A History of English Poetry: An Unpublished Continuation

By Thomas Warton; Rodney M. Baine | Go to book overview

NOTES TO THE TEXT
Warton's notes, which in the manuscript are designated by letters or symbols, have been numbered. Brackets enclose all the editor's corrections, expansions, and comments. The parentheses are Warton's.
1. [ Thomas Warton's original version began "The temporary vogue which . . . ." The final version, here parenthesized in the text, represents, it seems fairly certain, Joseph Warton's expansion. Although this deprecatory comment seems rather abrupt coming after five sections devoted to the Elizabethan satirists, Joseph Warton is not disparaging where his brother praised. Thomas Warton had already ( IV, 69) belittled the "innumerable crop of satirists, and of a set of writers differing but little more than in name, and now properly belonging to the same species, Epigrammatists."]
2. [ Warton here combined several remarks in Dryden's essay "The Original and Progress of Satire." See John Dryden, Essays, ed. W. P. Ker ( Oxford, 1900), II, 111-112. There were six, not four editions of Holiday's Persius.]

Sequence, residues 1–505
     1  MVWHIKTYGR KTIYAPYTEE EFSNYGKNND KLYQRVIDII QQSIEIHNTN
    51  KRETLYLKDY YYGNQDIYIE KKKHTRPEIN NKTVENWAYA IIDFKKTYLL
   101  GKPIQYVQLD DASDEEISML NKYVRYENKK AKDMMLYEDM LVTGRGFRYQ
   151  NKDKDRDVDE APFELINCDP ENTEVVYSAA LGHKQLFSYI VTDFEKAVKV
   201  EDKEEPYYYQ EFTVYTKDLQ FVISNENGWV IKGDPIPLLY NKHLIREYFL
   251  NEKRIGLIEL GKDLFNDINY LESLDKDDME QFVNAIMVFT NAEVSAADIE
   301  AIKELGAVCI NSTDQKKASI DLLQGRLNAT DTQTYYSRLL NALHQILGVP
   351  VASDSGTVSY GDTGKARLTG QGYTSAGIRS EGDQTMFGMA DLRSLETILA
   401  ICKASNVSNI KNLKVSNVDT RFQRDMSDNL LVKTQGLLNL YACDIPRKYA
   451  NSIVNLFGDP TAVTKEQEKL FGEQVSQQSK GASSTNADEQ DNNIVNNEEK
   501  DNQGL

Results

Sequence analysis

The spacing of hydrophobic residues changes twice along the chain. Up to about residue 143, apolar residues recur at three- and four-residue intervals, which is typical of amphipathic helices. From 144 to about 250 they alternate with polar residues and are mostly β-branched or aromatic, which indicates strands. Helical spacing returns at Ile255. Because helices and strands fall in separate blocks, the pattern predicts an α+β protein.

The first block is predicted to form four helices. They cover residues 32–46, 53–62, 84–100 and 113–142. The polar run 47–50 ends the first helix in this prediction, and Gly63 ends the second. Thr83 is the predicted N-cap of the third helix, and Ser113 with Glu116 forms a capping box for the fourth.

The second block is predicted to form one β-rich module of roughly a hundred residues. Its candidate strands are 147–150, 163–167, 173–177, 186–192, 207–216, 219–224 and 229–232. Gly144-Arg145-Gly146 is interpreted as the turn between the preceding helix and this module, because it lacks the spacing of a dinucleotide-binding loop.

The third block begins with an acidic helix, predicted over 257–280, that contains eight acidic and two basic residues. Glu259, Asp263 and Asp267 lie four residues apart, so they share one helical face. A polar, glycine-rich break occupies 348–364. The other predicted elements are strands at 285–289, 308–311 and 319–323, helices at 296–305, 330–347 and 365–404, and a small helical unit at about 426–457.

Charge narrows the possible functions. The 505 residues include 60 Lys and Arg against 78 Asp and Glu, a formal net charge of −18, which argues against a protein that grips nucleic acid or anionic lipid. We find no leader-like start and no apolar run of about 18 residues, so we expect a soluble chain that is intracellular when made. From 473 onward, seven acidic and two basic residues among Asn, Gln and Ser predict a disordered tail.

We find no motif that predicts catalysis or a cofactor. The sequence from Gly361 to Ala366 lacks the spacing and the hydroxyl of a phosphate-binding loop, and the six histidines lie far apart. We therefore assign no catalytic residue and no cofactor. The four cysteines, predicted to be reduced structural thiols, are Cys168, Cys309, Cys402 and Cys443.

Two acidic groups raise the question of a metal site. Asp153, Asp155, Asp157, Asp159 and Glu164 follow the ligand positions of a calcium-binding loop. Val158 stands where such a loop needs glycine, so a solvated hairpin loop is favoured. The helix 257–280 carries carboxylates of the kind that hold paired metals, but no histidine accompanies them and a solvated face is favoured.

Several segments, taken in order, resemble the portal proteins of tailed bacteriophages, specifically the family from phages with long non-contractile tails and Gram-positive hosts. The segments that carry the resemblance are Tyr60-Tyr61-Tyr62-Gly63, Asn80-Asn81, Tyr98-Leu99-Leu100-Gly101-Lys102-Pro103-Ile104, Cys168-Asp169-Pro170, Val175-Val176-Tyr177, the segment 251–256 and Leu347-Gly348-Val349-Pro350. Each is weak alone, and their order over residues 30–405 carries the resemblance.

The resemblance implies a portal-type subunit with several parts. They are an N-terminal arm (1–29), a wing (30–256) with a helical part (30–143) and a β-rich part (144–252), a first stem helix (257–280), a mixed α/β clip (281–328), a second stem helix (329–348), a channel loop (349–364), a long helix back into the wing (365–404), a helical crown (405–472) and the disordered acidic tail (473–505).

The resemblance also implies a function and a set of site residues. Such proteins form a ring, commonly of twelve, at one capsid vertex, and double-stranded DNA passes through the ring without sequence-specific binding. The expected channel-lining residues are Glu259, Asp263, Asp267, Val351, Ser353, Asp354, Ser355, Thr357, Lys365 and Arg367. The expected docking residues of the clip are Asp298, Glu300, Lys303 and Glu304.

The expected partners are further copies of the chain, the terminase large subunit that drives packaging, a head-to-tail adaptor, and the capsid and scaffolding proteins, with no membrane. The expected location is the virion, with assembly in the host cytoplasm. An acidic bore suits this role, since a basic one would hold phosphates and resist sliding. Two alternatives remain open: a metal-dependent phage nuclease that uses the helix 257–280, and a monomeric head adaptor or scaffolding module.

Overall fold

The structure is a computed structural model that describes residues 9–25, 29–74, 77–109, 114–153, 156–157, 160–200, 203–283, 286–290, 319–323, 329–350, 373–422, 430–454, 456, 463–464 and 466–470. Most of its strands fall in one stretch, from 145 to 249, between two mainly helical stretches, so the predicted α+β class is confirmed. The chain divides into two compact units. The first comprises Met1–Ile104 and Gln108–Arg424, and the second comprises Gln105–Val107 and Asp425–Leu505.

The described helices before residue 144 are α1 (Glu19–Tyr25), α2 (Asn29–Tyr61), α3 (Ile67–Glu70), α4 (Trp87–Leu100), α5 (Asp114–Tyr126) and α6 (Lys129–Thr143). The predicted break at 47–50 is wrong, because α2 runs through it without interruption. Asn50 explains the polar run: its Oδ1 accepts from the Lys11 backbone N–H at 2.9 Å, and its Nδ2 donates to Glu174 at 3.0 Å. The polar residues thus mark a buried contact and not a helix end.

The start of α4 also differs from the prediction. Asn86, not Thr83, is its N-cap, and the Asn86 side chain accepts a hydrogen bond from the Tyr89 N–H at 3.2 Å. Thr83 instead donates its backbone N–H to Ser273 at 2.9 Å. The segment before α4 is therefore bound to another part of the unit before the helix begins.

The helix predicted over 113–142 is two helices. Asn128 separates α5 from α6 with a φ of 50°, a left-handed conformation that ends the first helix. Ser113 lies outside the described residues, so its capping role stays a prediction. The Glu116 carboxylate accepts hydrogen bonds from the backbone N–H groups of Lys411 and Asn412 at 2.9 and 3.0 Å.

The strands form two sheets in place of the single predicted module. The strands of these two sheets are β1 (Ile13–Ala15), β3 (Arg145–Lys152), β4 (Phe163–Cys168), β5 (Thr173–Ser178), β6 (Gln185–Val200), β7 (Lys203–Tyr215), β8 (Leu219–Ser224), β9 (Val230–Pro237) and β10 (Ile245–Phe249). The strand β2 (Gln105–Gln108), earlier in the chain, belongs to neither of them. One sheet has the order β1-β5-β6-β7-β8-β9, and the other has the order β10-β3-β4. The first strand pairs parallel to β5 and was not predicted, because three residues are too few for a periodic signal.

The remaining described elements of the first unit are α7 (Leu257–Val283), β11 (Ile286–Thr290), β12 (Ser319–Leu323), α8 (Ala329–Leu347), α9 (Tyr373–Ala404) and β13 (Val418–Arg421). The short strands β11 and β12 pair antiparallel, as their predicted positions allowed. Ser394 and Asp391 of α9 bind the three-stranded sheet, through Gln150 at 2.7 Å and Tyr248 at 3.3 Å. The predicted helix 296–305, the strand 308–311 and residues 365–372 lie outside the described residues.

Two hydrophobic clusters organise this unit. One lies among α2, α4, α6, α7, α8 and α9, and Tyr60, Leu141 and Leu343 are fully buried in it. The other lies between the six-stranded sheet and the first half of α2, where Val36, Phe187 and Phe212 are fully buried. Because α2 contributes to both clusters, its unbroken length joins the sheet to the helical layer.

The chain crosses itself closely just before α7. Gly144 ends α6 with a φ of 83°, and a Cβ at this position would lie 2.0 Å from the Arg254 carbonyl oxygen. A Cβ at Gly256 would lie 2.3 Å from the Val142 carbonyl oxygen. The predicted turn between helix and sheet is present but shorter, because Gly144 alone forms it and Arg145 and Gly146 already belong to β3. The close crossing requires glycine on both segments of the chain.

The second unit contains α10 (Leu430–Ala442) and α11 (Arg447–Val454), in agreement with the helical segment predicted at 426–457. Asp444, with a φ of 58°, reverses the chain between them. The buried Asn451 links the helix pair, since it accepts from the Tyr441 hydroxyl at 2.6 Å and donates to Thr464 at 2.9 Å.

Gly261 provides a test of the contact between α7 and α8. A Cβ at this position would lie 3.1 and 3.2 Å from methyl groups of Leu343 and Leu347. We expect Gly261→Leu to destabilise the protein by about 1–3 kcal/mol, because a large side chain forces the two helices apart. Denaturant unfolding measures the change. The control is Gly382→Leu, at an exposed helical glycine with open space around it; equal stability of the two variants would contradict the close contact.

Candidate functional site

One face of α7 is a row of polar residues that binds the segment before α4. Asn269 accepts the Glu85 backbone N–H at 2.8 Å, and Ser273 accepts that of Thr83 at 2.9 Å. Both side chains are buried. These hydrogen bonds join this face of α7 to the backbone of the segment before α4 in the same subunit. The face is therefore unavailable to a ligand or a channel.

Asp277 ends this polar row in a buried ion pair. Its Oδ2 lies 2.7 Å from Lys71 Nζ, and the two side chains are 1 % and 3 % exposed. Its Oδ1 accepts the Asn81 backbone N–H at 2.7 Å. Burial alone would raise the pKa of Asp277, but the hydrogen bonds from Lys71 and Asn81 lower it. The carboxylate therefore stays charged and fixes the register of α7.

3. [ Warton refers presumably to Isaac Reed's Collection of Old Plays ( London, 1780).]
4. [Jehan de] Nostredam [e]. [Les] Vies des [...] Poet [es] Provens[aux]. [Lyon, 1575] n. 59. pag. 199.
5. [ William Hayley. An] Ess [ay] on Epic Poetry. [ London, 1782] Notes, Ess. iii. v. 81. p. 171.
6. They are entered to him, feb. 4, under that year [ 1591/92]. Registr. Station. B. fol. 284. a. In sixteens. I have a copy. Wh [ite] Lett [er (i. e., roman)]. With vignettes.
7. [ Daniel was tutor to her son William Herbert and preceptor to Ann Clifford, Countess of Pembroke, but Sidney's sister seems to have been

-13-

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A History of English Poetry: An Unpublished Continuation
Table of contents

Table of contents

  • Title Page *
  • Introduction i
  • A History of English Poetry: An Unpublished Continuation 1
  • Notes to the Text 13
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